To assess the clinical translation of the immune response induced by the vaccine, the company measured HBsAg, a marker of active infection to Hepatitis B. To note, this biomarker is recommended to assess the response of CHB in clinical trials.
The press release of December is providing details about the efficacy of the immune response. The firm observed a greater than one log decrease in HBsAg in 3/6 patients at 3 months, including a patient with undetectable HBsAg after starting Nivolumab in group 3, leading to a significant difference in mean HBsAg between Group 3 and the other groups (p < 0.01).
In light of these results and regarding the risk side, I have to mention the scenario that is, for me, the most possible to lead to a fail of the trial.
As previously mentioned, it has been reported that Nivolumab alone could decrease HBsAg in CHB patients. In the cited studies, the decrease was around 1.0 log in the study of cancer patients and around 0.4 log in combination with another vaccine. I consider to provide satisfying proof-of-concept, VTP-300 should decrease HBsAg more than Nivolumab alone and thus report at least a 1.0 log decrease in the majority of patients. While it remains a challenging endpoint, I am confident that the results will be positive. Indeed, in HBV-002, Nivolumab is used at low dose and once in the group 3, while in the cancer study, the dose was 10 times higher and administrated repeatedly. Despite this higher dosage, the decline only occurred in 6% of the 51 patients. In HBV-002, half of the patients were over 1.0 log decrease in the interim with a much lower dose. This suggests a positive synergy between ChAdOx1 and Nivolumab. However, this conclusion is drawn from a very small sample of patients and should be interpreted with caution.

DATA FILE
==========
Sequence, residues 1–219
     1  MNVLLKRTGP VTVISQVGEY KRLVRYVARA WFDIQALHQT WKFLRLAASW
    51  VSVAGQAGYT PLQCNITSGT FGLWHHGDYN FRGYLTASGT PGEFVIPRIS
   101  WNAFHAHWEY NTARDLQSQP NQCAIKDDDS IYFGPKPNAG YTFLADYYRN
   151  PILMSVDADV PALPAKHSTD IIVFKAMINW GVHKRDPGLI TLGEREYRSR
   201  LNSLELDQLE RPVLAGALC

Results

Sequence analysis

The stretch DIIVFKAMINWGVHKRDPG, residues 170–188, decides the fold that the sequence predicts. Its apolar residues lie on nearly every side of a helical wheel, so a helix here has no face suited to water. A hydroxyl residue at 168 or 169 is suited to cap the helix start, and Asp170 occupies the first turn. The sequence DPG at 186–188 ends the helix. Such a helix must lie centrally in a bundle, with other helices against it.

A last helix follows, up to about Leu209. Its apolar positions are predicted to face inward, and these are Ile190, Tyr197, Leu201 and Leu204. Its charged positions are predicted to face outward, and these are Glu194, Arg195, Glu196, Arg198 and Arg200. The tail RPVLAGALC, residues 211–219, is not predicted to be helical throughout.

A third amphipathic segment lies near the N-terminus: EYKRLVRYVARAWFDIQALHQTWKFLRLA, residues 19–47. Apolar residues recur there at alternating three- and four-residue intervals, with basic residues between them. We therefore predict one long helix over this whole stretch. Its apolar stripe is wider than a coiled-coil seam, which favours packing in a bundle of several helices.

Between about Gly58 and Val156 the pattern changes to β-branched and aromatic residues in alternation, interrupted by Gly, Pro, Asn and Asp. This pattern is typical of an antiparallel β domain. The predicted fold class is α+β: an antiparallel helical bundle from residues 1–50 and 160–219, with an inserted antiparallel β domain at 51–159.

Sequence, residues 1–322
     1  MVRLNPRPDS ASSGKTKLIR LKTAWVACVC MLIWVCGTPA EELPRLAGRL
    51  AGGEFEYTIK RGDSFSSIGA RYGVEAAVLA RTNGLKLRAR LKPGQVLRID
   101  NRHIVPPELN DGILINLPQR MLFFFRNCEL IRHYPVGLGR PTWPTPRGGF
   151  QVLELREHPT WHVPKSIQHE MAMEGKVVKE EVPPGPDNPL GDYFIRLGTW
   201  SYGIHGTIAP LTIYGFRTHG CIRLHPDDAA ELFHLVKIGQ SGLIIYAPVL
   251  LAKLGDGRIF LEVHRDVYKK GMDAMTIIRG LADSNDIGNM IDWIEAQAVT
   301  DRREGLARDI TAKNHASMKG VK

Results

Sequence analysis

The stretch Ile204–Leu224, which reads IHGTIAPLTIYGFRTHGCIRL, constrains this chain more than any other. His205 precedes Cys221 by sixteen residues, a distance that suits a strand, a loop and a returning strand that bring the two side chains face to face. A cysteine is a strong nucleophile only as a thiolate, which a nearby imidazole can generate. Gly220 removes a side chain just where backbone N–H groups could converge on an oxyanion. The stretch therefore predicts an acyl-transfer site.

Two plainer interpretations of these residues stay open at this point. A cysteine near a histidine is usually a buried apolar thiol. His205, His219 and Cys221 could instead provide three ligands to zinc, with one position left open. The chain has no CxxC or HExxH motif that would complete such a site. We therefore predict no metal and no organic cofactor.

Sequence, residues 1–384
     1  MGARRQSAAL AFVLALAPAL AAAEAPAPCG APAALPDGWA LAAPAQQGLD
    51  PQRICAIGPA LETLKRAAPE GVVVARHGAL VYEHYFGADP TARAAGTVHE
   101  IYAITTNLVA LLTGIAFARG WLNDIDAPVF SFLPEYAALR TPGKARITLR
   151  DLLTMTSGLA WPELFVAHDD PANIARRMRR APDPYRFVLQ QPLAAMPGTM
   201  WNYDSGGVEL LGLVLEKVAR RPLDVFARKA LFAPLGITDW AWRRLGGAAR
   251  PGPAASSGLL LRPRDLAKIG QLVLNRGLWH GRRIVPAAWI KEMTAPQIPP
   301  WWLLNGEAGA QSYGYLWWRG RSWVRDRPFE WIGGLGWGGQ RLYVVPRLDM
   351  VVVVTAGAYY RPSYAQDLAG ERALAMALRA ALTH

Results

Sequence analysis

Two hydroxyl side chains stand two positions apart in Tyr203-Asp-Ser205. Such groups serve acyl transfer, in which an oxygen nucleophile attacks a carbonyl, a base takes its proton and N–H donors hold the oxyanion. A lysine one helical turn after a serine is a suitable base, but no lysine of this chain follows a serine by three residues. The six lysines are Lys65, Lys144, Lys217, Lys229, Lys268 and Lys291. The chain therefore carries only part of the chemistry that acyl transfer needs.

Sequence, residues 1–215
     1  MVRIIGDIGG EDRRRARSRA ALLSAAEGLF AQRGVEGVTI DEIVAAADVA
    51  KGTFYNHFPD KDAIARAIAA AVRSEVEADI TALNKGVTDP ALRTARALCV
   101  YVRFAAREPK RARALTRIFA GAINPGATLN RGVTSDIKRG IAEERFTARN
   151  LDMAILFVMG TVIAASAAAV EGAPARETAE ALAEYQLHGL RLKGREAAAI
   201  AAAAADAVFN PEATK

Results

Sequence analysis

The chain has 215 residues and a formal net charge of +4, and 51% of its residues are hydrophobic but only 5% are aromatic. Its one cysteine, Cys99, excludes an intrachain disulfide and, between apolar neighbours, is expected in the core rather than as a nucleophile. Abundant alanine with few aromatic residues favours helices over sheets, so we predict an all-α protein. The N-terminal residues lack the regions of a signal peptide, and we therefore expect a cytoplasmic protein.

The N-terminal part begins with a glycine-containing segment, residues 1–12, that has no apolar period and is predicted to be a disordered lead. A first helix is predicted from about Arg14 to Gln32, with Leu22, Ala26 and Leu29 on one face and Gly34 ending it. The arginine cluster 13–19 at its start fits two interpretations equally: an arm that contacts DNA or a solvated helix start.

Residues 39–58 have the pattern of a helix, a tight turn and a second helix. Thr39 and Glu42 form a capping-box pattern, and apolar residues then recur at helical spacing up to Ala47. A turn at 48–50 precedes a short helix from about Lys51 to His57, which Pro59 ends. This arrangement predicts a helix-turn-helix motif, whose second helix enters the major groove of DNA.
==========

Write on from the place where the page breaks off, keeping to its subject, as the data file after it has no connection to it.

Financial and price indication
Regarding the financial of the company, majority of its assets consists of cash and cash equivalents. The total amount of cash in hand is $214M. The company succeeds to increase significantly their cash reserves, compared to the number of $43M reported last year. The raise of funds was primarily due to completion of the Series B financing in the first quarter of 2021, which raised gross proceeds of $125.2M, and to the initial public offering in the second quarter, which raised gross proceeds of $110.5M.
In 2021, the firm reported a loss from operations of $45M mainly composed of research and development and general and administration expenses. Research and development expenses were $20.4M in 2021. This is an increase from the $14.4M in the prior year. The company explains that the increase in R&D expenses was primarily due to increased spending on the development of VTP-200, VTP-300, and VTP-850. Regarding the G&A expenses, it also increased from $10.5M to $25.1M, resulting from higher personnel costs, reflecting an increase in the company’s headcount over the period and higher insurance costs associated with operating as a public company. At this cash burn rate, the firm expects to have enough cash in hand to finance their operation into the second half of 2024. Given the medium-term horizon of 1 year of the investment thesis, the risk of dilution remains low. A potential risk could come from unexpected expenses that could shrink cash amount.